Rained all day yesterday, warm almost too warm, but sunny and cooler today.
Grow brain cells and develop physical endurance by running every race you can find.
That was my plan at one time as I was running 20 miles per day anyway.
Figure out a plan to deal with deer that try to jump over you.
Spear and eat?
Some days I would see over a dozen deer, some with large antlers but attacked each other, not me.
He especially enjoys trail races and recently completed his first 100-mile race. He enjoys the sport and the challenge of pushing his body to these extremes. In late 2006, however, during a 50K race (31 miles), an accident took Glass out of the running.
It was December 30, 2006, and he and a few friends were competing in the Huntington Indiana Ultra Frigid Fifty. The course took participants on three 10.5 mile loops along the banks of the Wabash River. “The race started and I was running with two buddies,” Glass remembers. “We were about two miles into the race and somewhere between 20th and 30th place and still running in single file.”
At this point, Glass turned to look at a hill to his right because he had heard some rustling in the area. He saw three deer and turned his head back to look at the path in front of him. “The deer got spooked and took off. One of the deer tried to jump over me, but missed and hit me square on,” he says. “I went down, the deer went down, and the race was still going on.” The deer scrambled to its feet and ran off into the woods.
Glass, who was understandably stunned, was able to get to his feet and walk a few feet in order to pull himself together. At this point, he could feel some bones in his shoulder grinding and noticed a pronounced lump. While there was no open fracture, he wasn’t sure if his collarbone was broken. Glass walked the two miles back to the beginning of the race and was taken by ambulance to a small, local hospital. “The physicians there recommended I go to Bloomington Hospital based on my injury and the follow up care that I would need,” says Glass.
He headed back toward home with X-rays in hand showing the severe damage to his collarbone. Glass found Orthopedic Surgeon Aaron Mast, M.D., who reviewed the X-rays and scheduled him for surgery at Bloomington Hospital the following day. “With orthopedic trauma, it’s important to correct the damage as fully as possible in order to restore function for the patient,” explains Dr. Mast. “With the extent of David’s injury, surgery was necessary to correct the trauma and ensure he could have full use of his shoulder.”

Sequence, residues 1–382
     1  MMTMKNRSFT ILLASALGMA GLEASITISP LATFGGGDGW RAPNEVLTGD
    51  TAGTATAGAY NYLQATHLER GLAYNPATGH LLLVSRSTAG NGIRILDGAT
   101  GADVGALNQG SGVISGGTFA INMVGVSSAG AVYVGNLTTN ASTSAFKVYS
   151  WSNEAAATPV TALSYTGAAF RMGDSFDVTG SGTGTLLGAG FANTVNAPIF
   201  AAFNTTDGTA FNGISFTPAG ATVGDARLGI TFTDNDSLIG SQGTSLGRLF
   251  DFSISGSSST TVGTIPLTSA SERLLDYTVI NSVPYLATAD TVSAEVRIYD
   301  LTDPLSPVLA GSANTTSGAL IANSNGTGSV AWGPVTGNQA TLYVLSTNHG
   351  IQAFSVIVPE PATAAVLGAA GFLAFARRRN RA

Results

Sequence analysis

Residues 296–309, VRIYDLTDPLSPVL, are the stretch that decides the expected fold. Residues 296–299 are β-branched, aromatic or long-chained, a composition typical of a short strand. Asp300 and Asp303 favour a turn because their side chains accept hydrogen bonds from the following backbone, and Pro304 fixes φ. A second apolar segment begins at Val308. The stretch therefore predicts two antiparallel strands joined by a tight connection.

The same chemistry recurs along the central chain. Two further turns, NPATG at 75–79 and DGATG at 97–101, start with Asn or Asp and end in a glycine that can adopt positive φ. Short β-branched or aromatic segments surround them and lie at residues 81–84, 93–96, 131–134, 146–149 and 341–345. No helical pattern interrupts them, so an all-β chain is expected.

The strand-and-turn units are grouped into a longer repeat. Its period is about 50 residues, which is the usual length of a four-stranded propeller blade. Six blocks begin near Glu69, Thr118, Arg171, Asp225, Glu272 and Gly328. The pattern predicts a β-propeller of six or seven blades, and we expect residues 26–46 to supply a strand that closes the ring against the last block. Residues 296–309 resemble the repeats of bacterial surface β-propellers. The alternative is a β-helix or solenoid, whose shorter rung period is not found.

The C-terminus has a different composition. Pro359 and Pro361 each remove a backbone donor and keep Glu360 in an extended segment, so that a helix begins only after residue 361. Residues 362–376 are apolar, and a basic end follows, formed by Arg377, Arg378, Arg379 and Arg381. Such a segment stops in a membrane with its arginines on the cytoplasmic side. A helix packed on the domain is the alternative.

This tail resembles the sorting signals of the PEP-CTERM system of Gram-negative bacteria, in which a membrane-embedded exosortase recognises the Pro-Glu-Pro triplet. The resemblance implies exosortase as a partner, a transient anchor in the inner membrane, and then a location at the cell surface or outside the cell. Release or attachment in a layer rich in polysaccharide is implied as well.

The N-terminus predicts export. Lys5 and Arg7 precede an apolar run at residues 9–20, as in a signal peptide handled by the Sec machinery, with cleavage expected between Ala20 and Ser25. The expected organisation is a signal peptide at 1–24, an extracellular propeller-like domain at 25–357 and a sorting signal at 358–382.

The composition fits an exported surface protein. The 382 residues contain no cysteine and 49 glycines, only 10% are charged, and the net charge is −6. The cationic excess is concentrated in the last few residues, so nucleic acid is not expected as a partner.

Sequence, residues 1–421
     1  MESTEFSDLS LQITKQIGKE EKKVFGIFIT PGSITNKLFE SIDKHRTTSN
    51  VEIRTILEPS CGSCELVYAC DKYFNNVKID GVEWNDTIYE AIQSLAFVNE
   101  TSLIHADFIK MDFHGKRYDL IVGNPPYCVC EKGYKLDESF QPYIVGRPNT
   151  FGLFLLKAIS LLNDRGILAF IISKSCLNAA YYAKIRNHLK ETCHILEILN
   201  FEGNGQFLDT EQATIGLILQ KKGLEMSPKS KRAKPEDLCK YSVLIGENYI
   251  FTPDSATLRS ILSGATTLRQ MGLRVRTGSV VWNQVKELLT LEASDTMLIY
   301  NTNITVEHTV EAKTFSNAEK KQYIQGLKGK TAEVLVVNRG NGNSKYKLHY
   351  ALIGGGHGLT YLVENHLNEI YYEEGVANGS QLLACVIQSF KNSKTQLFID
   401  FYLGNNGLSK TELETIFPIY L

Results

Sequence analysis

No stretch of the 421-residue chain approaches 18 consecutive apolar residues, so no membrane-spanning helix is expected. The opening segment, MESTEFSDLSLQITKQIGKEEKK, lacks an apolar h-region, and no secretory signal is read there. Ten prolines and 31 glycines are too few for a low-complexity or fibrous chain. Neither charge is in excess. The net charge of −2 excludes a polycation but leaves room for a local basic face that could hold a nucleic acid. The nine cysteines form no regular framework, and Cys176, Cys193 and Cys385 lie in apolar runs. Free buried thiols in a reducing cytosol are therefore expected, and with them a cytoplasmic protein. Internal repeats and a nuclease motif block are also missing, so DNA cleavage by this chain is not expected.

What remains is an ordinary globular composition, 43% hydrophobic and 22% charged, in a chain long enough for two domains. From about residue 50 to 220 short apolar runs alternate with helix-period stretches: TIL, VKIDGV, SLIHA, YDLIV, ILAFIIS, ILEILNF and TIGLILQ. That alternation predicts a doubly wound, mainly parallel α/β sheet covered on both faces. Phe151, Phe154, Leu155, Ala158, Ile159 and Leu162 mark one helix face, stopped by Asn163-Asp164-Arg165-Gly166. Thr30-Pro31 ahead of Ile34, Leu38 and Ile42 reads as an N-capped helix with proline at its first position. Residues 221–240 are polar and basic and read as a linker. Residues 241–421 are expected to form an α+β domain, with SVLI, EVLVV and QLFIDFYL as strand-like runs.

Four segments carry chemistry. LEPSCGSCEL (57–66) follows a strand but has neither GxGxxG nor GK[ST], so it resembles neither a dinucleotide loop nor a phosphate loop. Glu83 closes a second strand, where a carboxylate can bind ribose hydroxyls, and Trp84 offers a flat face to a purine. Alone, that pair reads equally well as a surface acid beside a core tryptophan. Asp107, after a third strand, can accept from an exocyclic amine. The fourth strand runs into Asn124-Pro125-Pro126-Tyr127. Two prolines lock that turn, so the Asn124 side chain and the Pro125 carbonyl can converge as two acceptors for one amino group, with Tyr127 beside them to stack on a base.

During surgery, Dr. Mast repaired Glass’s collarbone with a titanium plate and screws to correct the damage done during the accident. Glass began to recovery quickly, but could not raise his arms, which is to be expected following this type of injury and surgery.
“Following surgery, not being able to raise my arms hurt my worklife,” says Glass, a painting contractor. “Two days after surgery though I was walking on the treadmill and eased back into my training routine.” Today, his shoulder is as strong as ever. He’s able to lift as much weight as he did prior to the accident and is back to working at his painting business about six days a week. “I’m an active person and I don’t want to slow down. Dr. Mast really worked with me to create a plan that would fit my life and let me do what I want to do,” Glass says. Glass continues running and still enjoys trail races. In recent months, he’s completed five more trail ultra marathons, a 100-mile trail run in less than 24 hours, and the Pikes Peak Marathon. As for competing again in the Frigid Fifty, Glass says, “I’m still deciding.”